We've been noting rumors that some of the top Arkansas lawmakers who had previously endorsed former Gov. Mike Huckabee would switch their support to Marco Rubio once Huckabee dropped out.
The first wave has begun, reports the AP's Andrew Demillo. U.S. Reps. Rick Crawford and Steve Womack are endorsing Rubio, the campaign announced, as well as Lt. Gov. Tim Griffin.
What about the governor? No word from Asa Hutchinson yet but for what it's worth, two of his nephews, state senators Jeremy Hutchinson and Jim Hendren, are backing Rubio. (Here's a full list of the state of Arkansas endorsements before Huckabee dropped out.)
For his part, Huckabee himself told Fox's Megyn Kelly (see video above) that he didn't have any intention of endorsing anyone "any time soon." Kelly asked him point blank whether he would endorse Donald Trump when Trump comes to Little Rock; Huckabee brushed off those rumors and said he wasn't even going to be in Little Rock. I'd bet on the Huckster backing Rubio, who finished third in the Iowa caucuses, unless Bronze Medal Marco slips up in the states to come. Huckabee noted that his endorsement probably won't mean very much.
U.S. Rep. Steve Womack, who's scheduled a town hall next week in Bentonville, says he expects some frustration from constituents because of the tactics so far in Republican efforts to ditch the Affordable Care Act and come up with something different. /more/
Vice President Mike Pence will visit Little Rock tomorrow afternoon (Friday, March 24) the Republican Party of Arkansas announced today. He'll speak about health care. The visit will happen the day after the U.S. House of Representatives votes on the Trump Administration's preferred vehicle for Obamcare repeal. /more/
Mike Huckabee, whose daughter works for Donald Trump, has written an op-ed for the Washington Post endorsing continued funding for the National Endowment for the Arts, which Trump has proposed to eliminate. /more/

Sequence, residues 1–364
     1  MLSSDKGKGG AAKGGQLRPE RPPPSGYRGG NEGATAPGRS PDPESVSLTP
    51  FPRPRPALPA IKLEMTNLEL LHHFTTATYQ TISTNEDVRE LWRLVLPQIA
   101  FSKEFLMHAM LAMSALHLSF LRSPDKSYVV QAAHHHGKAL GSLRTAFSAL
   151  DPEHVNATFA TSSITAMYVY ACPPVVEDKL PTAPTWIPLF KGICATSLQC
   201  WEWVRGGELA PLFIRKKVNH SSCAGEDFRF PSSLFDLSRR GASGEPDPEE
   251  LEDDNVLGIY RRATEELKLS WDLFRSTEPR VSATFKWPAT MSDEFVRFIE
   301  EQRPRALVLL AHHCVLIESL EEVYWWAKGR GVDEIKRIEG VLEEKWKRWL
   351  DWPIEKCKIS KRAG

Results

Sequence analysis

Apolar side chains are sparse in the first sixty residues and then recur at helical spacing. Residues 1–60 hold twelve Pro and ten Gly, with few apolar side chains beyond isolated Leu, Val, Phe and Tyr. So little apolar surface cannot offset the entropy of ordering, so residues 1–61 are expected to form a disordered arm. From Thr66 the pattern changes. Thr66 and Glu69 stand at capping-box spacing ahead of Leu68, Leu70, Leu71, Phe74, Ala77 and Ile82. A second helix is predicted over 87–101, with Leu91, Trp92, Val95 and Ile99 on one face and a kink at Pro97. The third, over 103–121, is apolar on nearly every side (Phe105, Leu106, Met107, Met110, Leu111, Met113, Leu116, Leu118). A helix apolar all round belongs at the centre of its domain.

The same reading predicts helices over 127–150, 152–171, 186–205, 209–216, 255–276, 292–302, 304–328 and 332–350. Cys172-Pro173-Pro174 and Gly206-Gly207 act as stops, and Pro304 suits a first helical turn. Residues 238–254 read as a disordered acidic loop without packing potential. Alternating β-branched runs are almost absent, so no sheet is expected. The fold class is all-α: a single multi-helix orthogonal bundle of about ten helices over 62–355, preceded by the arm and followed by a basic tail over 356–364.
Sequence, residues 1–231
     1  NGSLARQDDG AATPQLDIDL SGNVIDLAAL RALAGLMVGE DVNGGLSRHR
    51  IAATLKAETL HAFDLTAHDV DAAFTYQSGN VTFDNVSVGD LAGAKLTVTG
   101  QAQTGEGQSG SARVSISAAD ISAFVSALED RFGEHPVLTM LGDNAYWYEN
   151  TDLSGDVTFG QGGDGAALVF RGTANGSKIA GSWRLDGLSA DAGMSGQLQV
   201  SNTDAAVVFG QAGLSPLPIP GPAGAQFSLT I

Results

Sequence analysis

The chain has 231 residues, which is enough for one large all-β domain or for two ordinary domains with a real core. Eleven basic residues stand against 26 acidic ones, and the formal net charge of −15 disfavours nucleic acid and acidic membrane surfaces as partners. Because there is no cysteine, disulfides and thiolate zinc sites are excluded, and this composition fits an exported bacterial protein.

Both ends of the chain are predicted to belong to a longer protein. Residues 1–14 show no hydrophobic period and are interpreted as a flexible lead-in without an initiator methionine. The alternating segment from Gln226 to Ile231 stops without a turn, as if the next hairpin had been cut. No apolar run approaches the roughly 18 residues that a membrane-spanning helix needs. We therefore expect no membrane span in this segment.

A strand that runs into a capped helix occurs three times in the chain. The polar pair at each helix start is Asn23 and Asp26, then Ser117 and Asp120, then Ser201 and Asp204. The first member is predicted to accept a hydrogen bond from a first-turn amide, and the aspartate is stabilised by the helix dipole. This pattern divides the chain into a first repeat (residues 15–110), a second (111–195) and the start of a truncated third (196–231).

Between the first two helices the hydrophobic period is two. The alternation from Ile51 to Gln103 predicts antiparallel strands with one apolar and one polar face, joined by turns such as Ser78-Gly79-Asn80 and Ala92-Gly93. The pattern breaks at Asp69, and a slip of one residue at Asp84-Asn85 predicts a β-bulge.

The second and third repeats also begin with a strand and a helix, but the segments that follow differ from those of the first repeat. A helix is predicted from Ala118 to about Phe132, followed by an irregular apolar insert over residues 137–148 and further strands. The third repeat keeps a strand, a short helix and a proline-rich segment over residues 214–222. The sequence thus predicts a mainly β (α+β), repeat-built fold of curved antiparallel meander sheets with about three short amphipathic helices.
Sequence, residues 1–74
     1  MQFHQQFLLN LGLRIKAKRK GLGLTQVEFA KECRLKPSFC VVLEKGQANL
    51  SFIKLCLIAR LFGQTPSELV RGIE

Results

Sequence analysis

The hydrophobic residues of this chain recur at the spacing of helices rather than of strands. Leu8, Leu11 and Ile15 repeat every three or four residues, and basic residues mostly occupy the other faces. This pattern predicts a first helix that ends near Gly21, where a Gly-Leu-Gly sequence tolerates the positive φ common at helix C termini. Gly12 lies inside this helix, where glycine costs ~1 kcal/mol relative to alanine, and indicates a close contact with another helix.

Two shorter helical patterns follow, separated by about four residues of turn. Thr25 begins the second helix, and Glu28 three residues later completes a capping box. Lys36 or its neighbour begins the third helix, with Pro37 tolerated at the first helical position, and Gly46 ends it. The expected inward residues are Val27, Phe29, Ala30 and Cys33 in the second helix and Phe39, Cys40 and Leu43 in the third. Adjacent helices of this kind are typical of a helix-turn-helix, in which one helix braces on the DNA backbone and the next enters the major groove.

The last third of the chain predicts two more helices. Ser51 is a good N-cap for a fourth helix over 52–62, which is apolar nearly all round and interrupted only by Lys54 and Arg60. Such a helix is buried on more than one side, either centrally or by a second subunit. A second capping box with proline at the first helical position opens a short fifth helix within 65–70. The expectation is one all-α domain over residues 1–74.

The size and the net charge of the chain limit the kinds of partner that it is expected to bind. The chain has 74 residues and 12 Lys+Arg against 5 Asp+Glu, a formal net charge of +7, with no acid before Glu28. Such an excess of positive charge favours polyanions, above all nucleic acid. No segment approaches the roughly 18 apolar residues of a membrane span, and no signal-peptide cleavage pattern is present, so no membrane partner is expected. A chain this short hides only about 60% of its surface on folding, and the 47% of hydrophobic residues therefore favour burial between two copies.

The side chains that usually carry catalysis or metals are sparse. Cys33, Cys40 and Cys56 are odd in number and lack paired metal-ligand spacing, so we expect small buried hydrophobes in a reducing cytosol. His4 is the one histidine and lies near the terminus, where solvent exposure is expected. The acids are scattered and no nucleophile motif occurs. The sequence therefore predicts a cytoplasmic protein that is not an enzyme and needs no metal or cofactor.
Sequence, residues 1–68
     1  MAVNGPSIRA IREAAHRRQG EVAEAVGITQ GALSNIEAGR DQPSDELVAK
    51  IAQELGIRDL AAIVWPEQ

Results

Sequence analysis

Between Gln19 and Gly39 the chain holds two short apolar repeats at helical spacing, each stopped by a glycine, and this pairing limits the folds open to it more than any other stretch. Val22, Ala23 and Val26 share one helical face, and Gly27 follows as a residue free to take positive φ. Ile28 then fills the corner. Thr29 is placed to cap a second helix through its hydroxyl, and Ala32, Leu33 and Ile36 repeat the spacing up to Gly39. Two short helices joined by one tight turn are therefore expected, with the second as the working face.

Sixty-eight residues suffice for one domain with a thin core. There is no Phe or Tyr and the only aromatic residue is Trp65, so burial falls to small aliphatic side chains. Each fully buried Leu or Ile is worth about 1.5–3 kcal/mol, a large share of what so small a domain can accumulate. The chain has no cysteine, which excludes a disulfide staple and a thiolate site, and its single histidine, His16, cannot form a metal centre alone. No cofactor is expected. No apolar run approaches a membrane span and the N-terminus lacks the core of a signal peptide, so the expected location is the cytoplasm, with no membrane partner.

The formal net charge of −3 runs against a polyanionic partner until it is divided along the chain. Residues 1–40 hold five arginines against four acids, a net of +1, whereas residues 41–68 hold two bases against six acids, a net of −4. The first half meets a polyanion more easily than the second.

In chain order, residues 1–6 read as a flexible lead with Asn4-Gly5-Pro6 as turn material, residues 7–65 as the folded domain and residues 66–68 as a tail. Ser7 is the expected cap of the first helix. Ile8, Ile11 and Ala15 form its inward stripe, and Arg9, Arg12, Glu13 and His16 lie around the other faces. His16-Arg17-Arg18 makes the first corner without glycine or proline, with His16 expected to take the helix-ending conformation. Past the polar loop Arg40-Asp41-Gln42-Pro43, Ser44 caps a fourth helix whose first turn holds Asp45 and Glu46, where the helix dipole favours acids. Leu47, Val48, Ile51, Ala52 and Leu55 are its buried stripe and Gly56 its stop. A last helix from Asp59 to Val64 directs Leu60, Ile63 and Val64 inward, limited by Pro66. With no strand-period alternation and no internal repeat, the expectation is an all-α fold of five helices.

Tim Griffin for a spot in the Trump administration? He's reportedly under consideration for Army secretary. One wonders what Bud Cummins, who lost a federal job on account of Griffin and was an early Trump leader in Arkansas, has to say about THAT. /more/
Making Change at Walmart, an effort by the United Food and Commercial Workers International Union to advocate for the retailer to pay employees a living wage, is kicking off a campaign this month, with Arkansas among the target states.
Russell Racop has filed, as promised, his lawsuit over the State Police's refusal — under guidance from Attorney General Leslie Rutledge — to release records that provide information that led to the firing of current Alcoholic Beverage Control Enforcement Director Boyce Hamlet as a state trooper.
Judge P.K. Holmes is rethinking whether lawyers deserve punishment in a class action lawsuit against an insurance company abruptly pulled from his court after pending more than a year and then quickly settled in a state court.
Arkansas Business reports here on a federal court filing Wednesday that shows a second person has pleaded guilty to a bribery scheme to help a major contractor of the state Department of Human Services.
Appearances count. I was struck by a single sentence over the weekend in a full page of coverage in The New York Times devoted to the killing spree in Arkansas, beginning with a front-page account of the recent flurry of legal filings on pending executions and continuing inside with an interview with Damien Echols, the former death row inmate.
The strongest, most enduring calls for the death penalty come from those who feel deeply the moral righteousness of "eye-for-an-eye" justice, or retribution. From the depths of pain and the heights of moral offense comes the cry, "The suffering you cause is the suffering you shall receive!" From the true moral insight that punishment should fit the crime, cool logic concludes, "Killers should be killed." Yet I say: retribution yes; death penalty no.
Arkansas Times contributor Jacob Rosenberg is at the Cummins Unit in Grady filing dispatches tonight in advance of the expected execution of Ledell Lee, who was sentenced to death for the Feb. 9, 1993, murder of Debra Reese, 26, who was beaten to death in the bedroom of her home in Jacksonville.
Lee Short, the lawyer for Ledell Lee, the man Arkansas put to death just before midnight last night, posted on Facebook the following letter of thanks for personal support and a bit about Lee's last hours, distributing his possessions and talking to family.
Photos taken Thursday night by Brian Chilson and David Koon, at Cummins Prison in Grady, the State Police barricade away from the prison and in front of the Governor's Mansion, before and after the execution of Ledell Lee.